Monday, November 02, 2009

Scozzafava endorses Owens, rejects Republican extremism

As most of you who follow this sort of thing have surely heard by now, Dierdre "Dede" Scozzafava, the Republican who dropped out of the House race in NY-23 yesterday, has endorsed not the Conservative (and new Republican) candidate, Doug Hoffman, but the Democratic candidate, Bill Owens.

Given that Scozzafava is a moderate who supports abortion rights and gay rights, and that Owens is the flavour of the day of the far right, and that the Republican Party, Scozzafava's party, is moving further and further to the right, and that the right, including many in the Republican establishment, backed Hoffman all along, this is hardly all that surprising. Still, it's yet another sign of what has happened to the GOP, and of where it is headed.

From Scozzafava's statement:

In Bill Owens, I see a sense of duty and integrity that will guide him beyond political partisanship. He will be an independent voice devoted to doing what is right for New York. Bill understands this district and its people, and when he represents us in Congress he will put our interests first.

Please join me in voting for Bill Owens on Tuesday. To address the tough challenges ahead, we must rise above partisanship and politics and work together. There's too much at stake in this election to do otherwise.

How very sensible, and how very admirable. Hoffman, and the right-wing support for Hoffman, isn't about representing the interests of the constituents of New York's 23rd Congressional District, it's about taking control of the GOP, about pushing a right-wing ideology that is well outside the American mainstream. Scozzafava knows that -- and she, the Republican nominee (let us not forget that), has rejected it.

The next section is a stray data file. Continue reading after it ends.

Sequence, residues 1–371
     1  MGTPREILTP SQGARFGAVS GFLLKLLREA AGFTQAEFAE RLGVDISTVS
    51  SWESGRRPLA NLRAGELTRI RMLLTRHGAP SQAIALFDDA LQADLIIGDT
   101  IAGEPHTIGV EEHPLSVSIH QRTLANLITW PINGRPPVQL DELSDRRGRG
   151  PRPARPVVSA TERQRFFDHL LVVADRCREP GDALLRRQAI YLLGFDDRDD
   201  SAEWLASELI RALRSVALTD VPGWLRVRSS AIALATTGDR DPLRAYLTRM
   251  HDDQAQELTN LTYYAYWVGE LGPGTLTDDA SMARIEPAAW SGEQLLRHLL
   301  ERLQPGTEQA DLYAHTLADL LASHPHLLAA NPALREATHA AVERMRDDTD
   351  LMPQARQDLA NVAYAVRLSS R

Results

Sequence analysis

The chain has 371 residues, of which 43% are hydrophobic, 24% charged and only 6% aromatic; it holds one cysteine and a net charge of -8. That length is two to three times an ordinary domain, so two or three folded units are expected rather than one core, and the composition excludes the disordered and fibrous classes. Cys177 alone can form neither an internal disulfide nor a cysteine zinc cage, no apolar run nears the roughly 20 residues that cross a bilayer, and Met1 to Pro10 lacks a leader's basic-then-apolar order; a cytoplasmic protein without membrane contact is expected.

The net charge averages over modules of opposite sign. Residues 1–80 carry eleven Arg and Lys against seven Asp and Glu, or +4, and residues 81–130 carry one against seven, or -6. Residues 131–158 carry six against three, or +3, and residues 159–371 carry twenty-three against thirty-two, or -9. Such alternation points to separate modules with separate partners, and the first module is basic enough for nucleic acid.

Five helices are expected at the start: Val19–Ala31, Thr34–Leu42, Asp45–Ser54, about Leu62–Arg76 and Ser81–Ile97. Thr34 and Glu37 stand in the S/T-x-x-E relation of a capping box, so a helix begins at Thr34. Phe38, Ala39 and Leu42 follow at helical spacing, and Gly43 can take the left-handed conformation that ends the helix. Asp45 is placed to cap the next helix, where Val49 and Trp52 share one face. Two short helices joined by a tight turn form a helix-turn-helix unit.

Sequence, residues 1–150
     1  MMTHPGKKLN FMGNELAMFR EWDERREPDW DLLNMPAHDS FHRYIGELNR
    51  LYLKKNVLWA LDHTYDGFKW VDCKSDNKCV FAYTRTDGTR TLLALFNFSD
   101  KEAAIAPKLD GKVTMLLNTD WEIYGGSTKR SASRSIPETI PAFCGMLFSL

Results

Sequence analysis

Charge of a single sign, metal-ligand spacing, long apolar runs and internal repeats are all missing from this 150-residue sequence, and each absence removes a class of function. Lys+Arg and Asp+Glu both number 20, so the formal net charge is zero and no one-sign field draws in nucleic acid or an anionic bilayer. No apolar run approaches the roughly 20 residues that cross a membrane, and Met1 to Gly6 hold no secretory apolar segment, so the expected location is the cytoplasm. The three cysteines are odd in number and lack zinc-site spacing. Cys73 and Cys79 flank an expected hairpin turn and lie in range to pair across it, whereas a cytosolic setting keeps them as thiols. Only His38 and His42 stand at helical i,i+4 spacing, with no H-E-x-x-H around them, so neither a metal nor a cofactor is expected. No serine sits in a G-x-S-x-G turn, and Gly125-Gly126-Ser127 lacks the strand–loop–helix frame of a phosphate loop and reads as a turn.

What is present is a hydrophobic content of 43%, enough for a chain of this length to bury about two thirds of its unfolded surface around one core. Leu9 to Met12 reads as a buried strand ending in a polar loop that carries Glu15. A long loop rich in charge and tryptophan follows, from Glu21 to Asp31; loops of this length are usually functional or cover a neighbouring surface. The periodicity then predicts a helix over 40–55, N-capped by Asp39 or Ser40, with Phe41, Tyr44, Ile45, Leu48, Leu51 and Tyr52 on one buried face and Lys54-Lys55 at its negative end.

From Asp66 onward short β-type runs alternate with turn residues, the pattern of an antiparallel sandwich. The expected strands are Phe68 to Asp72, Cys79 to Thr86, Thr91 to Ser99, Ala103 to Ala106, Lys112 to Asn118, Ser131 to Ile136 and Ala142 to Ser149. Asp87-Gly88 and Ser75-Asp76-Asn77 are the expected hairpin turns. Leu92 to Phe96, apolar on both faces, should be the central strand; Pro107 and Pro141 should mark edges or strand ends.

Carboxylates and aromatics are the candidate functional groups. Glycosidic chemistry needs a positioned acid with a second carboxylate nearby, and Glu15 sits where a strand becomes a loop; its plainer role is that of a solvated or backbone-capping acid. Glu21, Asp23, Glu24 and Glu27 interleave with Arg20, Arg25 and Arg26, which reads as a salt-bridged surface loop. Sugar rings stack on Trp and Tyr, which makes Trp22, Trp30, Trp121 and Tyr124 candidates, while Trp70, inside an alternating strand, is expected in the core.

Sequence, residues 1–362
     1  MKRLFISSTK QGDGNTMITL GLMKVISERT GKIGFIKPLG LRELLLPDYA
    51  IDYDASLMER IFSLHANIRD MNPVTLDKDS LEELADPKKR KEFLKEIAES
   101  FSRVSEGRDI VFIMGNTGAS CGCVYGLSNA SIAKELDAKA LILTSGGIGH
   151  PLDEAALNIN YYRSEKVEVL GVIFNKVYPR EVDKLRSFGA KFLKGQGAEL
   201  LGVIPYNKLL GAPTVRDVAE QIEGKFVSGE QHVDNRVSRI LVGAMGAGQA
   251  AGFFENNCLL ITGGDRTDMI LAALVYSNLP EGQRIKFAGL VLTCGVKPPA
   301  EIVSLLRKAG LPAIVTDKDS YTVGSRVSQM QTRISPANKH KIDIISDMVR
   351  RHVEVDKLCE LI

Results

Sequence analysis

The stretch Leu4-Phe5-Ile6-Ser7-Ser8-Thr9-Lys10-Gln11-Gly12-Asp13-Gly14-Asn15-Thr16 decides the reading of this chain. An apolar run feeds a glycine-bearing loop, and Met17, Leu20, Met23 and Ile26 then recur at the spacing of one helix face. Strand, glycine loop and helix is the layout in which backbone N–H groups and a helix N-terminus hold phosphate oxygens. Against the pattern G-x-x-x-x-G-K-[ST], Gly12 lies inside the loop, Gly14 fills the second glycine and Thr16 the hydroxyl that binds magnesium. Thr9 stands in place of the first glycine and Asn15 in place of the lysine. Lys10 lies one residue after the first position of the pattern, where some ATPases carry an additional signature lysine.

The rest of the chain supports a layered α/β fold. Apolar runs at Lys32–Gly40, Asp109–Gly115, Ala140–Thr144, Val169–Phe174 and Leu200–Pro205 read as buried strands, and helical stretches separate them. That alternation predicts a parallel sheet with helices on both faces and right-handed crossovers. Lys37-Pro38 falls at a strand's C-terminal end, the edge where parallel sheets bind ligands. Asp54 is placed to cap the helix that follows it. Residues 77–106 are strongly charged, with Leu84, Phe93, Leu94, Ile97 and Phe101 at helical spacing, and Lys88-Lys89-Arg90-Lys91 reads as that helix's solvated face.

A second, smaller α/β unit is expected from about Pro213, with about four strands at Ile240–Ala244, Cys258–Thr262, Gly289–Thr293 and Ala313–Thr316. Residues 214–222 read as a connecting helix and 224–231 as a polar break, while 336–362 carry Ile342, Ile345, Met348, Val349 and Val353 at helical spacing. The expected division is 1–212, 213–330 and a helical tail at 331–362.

Needless to say, the right is beside itself -- and is lashing out. "This afternoon Dede Scozzafava betrayed the GOP," said top Hoffman advisor Rob Ryan. Actually, no. Scozzafava is a Republican and was happy to run as a Republican. If there was betrayal, it was by those on the right who attacked her and launched Hoffman's insurgent candidacy. More generally, I would add, it's been conservatives who have betrayed what was once the leading spirit of the Republican Party, a party that used to welcome liberals and moderates in its fairly big tent. That tent has shrunk to a narrow sliver on the spectrum, the purge for ideological purification continues, and Republicans like Scozzafava, who is the right sort of Republican for NY-23 and the Northeast generally, have gotten the message. Some, like Arlen Specter, have switched sides. Others have simply dropped out or given up altogether.

(Note that, among other things, Hoffman would appear to be the Glenn Beck candidate in the race. And check out his list of right-wing supporters, including James Dobson and Sarah Palin, as well as supposed GOP mainstreamers like George Pataki and Tim Pawlenty.)

As I tweeted this afternoon, Scozzafava's endorsement may not be enough for Owens to overcome the boost that Hoffman is likely to get now that he's the Republican candidate. Still, one hopes that other moderates will follow her lead and reject the extremism that has taken hold of the Republican Party. There is more than enough room on the other side.

(For more reaction, check out Memeorandum.)

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